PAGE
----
A Film by Nir Evron and Omer Krieger
Following the terrorist attacks perpetrated by Hamas in Israel, and in mourning and solidarity with Kibbutz Be’eri—the Jewish Museum Berlin is showing the video work Rehearsing the Spectacle of Spectres online and in the Eric F. Ross Gallery, by Berlin-based Israeli artists Nir Evron and Omer Krieger.
Created in 2014, the work focuses on Kibbutz Be’eri - one of the Israeli communities most affected by the October 7 attacks on the Gaza border.
The Hebrew word ‘kibbutz’ means ‘gathering’. Founded in 1946, Kibbutz Be’eri’s life is still shaped by the idea of the collective. In static and gliding shots through the exterior and interior spaces of the kibbutz, Evron and Krieger direct the viewer’s gaze to public meeting places that provide a space for the collective. These film sequences alternate with portraits of kibbutz members reciting the poem Rehearsing the Spectacle of Spectres by Anadad Eldan (b. 1924). As the ‘kibbutz poet’, Eldan writes librettos for the community’s ceremonies and he is also a published author of lyric poetry. He is known for his alliterative style, a modern expression of Biblical Hebrew. The members of Kibbutz Be’eri are seen in single shots and multiple layered compositions. Sometimes, only their recitation is heard in the audio track. The lines of the poem and the filmic realisation speak of the wistfulness that arises when seeking harmony between individual and community, a harmony which is difficult to achieve.
The video opens and ends with aerial shots exposing the geographical location of the kibbutz, neighboring with the Gaza Strip. In this region of political tension, many peace activists from Be’eri have worked for coexistence. They were also among those killed in the recent terrorist massacre. The Media report over 100 dead and an unspecified number kidnapped to Gaza. Hagay Avni ז״ל, one of the participants appearing in the film and a member of the defense unit of the kibbutz, was killed in action against Hamas. Despite their advanced age, the Eldans survived the attack.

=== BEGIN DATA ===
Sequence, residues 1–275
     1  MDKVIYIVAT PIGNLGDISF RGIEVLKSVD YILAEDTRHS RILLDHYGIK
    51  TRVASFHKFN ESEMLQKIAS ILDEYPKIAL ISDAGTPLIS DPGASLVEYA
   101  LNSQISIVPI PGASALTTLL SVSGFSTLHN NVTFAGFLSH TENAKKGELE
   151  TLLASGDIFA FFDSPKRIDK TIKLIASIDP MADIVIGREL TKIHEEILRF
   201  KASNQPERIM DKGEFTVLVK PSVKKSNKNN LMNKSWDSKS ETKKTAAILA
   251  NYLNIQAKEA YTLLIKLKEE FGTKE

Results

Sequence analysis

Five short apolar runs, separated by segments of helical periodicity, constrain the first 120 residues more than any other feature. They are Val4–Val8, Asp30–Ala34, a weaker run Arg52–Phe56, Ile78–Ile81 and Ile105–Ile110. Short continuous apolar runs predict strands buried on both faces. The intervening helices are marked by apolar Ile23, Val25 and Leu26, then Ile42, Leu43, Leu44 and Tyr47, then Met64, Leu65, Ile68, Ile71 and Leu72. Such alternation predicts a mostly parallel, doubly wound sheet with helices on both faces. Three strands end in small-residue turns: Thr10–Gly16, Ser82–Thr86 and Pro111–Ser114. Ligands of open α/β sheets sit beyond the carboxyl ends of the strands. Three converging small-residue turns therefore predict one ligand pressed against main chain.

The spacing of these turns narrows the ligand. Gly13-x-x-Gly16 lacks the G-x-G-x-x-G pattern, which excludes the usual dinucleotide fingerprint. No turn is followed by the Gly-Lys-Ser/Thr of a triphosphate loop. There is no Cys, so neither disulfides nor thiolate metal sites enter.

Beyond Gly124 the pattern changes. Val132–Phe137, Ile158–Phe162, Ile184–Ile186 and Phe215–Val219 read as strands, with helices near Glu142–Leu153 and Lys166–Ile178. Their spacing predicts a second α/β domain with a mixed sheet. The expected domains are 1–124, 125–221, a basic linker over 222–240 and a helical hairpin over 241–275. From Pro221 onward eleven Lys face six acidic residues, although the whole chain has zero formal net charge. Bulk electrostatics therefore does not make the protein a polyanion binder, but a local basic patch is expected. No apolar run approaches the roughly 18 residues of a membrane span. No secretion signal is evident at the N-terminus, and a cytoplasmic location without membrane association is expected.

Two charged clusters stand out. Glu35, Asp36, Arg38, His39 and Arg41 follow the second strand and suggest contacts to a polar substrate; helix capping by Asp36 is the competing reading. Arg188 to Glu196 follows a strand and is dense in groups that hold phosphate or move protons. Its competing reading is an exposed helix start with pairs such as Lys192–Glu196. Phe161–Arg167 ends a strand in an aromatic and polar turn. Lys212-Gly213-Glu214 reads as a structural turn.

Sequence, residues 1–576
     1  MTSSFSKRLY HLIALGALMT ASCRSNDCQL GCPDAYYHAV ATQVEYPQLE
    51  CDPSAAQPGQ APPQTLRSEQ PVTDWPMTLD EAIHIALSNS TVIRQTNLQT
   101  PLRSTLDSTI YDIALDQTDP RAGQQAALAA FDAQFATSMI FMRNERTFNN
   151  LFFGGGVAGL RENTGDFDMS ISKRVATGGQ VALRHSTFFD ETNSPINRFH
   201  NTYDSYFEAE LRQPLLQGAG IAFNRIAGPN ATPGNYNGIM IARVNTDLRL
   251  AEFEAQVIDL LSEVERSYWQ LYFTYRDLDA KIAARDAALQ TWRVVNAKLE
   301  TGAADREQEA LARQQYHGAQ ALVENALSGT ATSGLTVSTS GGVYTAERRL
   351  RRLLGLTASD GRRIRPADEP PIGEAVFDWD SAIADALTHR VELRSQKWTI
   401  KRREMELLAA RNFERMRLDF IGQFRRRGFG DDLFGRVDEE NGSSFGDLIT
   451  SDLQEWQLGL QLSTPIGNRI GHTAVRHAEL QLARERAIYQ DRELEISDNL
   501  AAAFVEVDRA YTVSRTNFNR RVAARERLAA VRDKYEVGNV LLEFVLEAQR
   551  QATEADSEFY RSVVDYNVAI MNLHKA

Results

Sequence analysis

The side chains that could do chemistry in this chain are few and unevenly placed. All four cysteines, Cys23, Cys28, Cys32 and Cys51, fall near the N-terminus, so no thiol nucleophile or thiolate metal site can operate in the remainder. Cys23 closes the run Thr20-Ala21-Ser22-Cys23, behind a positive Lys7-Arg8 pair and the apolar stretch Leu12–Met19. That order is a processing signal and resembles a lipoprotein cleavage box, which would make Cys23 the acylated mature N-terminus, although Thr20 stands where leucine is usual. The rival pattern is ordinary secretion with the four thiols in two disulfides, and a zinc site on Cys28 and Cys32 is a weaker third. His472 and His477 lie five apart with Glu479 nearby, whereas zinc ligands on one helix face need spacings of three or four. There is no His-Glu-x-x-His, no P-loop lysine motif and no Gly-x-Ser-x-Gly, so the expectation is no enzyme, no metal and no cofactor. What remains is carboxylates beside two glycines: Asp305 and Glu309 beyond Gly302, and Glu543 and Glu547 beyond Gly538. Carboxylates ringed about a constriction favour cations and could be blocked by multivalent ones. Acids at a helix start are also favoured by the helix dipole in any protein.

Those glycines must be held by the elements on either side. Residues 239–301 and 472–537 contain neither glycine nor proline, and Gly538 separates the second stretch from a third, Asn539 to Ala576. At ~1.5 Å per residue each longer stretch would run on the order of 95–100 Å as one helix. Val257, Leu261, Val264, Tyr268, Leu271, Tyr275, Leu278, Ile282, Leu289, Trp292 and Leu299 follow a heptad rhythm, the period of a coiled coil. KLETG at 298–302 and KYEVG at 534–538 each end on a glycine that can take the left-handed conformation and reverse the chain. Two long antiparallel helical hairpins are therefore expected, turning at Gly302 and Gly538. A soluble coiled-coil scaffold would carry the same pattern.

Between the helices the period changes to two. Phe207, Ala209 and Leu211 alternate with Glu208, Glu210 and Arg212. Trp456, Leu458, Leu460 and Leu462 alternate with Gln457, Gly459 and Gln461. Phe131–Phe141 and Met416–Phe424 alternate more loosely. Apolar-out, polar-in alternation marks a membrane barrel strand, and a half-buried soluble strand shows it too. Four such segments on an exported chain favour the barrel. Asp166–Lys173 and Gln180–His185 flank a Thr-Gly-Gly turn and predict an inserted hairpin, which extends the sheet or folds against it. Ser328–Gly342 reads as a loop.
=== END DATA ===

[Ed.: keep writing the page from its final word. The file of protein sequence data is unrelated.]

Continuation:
(Hebrew with English subtitles)
Price info: The permanent exhibition and other exhibition areas are free of charge, with the exception of temporary exhibitions. Admission to temporary exhibitions in the old building is €8 regular and €3 reduced. Children and young people under the age of 18 are admitted free of charge.
We recommend purchasing a time slot ticket in advance in our ticket shop. For spontaneous visitors, there are a few remaining tickets at the ticket desk.
Reduced price: €3.00
Reduced price info: Reduced admission for pupils, students, volunteers, unemployed persons (ALG I), severely disabled persons (at least 50 percent) - free admission for: - children and young people (under 18 years) - members of the Circle of Friends and Patrons of the Jewish Museum Berlin e. V. - holders of a berlinpass and recipients of transfer payments (ALG II, social assistance, basic security or asylum benefits) - upon presentation of proof. - Holders of a berlinpass and recipients of transfer benefits (ALG II, social welfare, basic security or benefits under the Asylum Seekers' Benefits Act) - upon presentation of proof - Persons accompanying severely disabled persons who are medically recognized as necessary - Members of the German Museums Association and ICOM members - Journalists